How does rising atmospheric CO2 affect marine organisms?

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The 2005 Hurricane Season
Virmani, J.I. and Weisberg, R.H. 2006. The 2005 hurricane season: An echo of the past or a harbinger of the future? Geophysical Research Letters 33: 10.1029/2005GL025517.

"The 2005 hurricane season," in the words of the authors, "saw an unprecedented number of named tropical storms since records began in 1851." Moreover, they say it followed "on the heels of the unusual 2004 hurricane season when, in addition to the first South Atlantic hurricane, a record-breaking number of major hurricanes made landfall in the United States, also causing destruction on the Caribbean islands in their path." The question they thus posed for themselves is whether these things occurred in response to recent global warming or if they bore sufficient similarities with hurricane seasons of years past to preclude such an attribution.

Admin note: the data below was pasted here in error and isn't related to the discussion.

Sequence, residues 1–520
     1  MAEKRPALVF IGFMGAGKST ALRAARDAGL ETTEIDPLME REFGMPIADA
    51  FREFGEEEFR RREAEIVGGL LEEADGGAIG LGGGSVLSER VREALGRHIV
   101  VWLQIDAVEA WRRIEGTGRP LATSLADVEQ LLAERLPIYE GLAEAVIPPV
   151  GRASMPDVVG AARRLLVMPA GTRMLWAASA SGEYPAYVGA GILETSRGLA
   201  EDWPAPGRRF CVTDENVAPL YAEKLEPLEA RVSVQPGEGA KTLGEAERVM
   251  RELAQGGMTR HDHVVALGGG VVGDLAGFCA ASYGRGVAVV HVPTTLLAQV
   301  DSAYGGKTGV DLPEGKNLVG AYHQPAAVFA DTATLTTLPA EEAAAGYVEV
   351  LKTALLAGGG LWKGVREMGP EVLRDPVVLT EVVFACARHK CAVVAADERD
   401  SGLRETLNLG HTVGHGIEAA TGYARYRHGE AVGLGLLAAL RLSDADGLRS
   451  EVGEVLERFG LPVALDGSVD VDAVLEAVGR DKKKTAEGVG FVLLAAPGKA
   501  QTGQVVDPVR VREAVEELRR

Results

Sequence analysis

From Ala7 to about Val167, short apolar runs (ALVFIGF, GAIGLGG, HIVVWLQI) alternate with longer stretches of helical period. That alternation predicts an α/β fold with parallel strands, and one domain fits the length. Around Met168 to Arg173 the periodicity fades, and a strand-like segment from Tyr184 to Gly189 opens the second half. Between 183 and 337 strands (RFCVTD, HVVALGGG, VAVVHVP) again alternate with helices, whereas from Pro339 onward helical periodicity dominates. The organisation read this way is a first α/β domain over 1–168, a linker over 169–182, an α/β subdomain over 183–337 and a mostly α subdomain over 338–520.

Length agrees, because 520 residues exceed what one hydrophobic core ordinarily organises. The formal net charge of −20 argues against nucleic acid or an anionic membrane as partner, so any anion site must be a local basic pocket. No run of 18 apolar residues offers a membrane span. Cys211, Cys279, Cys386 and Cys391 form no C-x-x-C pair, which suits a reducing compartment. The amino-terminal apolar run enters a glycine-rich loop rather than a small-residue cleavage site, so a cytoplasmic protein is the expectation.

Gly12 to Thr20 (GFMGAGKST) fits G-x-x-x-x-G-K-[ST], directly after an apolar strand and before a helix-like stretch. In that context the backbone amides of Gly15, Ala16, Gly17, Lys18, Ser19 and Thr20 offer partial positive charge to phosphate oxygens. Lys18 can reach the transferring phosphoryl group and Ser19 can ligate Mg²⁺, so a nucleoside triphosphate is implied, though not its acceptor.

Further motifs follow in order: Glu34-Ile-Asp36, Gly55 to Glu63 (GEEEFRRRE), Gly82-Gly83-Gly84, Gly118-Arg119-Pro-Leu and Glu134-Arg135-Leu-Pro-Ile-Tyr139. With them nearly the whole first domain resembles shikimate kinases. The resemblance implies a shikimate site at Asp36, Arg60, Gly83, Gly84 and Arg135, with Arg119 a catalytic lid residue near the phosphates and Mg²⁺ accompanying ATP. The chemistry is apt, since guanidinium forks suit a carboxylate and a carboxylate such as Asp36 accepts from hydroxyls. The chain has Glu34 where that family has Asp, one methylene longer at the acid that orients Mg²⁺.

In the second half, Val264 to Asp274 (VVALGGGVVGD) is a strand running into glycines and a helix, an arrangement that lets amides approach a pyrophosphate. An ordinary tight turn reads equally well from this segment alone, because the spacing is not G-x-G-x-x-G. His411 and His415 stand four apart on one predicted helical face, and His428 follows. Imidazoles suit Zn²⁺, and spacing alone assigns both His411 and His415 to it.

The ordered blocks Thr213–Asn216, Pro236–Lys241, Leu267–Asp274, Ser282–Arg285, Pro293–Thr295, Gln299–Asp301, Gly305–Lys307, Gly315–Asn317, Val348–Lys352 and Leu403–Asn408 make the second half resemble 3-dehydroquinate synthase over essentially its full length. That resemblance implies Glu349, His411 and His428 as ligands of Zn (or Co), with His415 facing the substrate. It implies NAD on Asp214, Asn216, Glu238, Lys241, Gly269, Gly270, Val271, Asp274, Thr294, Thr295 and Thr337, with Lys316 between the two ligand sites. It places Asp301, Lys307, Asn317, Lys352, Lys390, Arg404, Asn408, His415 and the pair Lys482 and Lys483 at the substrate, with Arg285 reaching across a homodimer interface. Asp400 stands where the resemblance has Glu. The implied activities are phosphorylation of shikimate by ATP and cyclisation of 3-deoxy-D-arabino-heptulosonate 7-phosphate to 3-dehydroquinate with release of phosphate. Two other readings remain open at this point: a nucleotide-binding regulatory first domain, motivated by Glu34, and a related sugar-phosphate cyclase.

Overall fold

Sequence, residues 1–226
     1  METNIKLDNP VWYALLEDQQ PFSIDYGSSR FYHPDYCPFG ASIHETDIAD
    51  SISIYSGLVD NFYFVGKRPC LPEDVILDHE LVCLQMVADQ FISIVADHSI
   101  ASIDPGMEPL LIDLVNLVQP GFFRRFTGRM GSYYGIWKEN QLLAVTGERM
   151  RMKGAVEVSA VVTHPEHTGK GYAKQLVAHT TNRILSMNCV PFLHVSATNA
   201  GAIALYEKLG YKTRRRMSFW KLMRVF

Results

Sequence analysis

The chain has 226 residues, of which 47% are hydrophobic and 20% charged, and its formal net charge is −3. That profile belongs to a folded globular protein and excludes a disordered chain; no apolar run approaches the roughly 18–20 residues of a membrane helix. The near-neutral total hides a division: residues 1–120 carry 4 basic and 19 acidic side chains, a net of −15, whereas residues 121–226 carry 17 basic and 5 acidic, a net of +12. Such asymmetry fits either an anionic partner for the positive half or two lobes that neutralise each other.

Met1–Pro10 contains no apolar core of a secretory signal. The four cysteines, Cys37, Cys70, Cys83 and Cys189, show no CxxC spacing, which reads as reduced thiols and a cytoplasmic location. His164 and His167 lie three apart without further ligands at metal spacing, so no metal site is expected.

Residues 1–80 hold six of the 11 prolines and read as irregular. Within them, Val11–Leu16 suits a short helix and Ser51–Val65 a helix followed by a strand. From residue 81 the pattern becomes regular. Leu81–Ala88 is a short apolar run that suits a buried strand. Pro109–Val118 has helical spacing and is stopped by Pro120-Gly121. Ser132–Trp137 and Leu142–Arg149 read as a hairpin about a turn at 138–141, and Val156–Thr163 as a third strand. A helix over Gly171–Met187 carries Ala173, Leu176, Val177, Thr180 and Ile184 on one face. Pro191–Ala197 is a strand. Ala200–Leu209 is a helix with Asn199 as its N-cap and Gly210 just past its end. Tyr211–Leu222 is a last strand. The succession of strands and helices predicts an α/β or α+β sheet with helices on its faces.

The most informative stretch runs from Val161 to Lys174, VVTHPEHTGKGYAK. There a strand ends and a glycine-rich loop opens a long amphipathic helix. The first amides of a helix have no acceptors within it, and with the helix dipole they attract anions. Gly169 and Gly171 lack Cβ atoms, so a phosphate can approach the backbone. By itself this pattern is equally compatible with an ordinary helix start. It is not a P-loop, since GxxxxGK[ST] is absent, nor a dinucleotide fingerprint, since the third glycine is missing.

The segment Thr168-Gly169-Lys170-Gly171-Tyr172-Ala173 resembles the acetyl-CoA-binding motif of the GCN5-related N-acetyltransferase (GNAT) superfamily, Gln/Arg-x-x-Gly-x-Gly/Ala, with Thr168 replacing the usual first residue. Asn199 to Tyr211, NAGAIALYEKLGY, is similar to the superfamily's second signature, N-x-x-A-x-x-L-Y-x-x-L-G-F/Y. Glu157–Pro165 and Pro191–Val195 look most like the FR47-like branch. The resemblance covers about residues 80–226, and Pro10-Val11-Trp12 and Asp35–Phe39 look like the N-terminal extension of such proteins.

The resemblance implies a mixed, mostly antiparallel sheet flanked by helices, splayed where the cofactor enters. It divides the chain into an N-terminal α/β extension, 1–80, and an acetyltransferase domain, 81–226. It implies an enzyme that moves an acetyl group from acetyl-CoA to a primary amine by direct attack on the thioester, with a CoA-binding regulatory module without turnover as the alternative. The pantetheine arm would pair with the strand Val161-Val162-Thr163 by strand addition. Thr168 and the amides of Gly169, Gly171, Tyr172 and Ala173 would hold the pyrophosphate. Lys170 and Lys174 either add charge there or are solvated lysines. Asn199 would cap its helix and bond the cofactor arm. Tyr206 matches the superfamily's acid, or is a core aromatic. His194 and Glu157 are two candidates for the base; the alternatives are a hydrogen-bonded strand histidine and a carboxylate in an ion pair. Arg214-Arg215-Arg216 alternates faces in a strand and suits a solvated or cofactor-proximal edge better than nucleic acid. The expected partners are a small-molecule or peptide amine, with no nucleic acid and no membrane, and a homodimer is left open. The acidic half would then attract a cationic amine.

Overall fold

What was done
Virmani and Weisberg compared various meteorological properties of the 2004 and 2005 hurricane seasons with those of prior seasons.

What was learned
The researchers report that "latent heat loss from the tropical Atlantic and Caribbean was less in late spring and early summer 2005 than preceding years due to anomalously weak trade winds associated with weaker sea level pressure," which "resulted in anomalously high sea surface temperatures" that "contributed to earlier and more intense hurricanes in 2005." However, they go on to note that "these conditions in the Atlantic and Caribbean during 2004 and 2005 were not unprecedented and were equally favorable during the active hurricane seasons of 1958, 1969, 1980, 1995 and 1998." In addition, they say "there is not a clear link between the Atlantic Multidecadal Oscillation [of temperature] or the long term trend [of temperature] and individual active hurricane years, confirming the importance of other factors in hurricane formation."

What it means
It would appear that the 2005 hurricane season was not as unique as many people have made it out to be, and that there is no compelling reason to ascribe whatever degree of uniqueness it may have possessed to recent global warming.

Reviewed 24 May 2006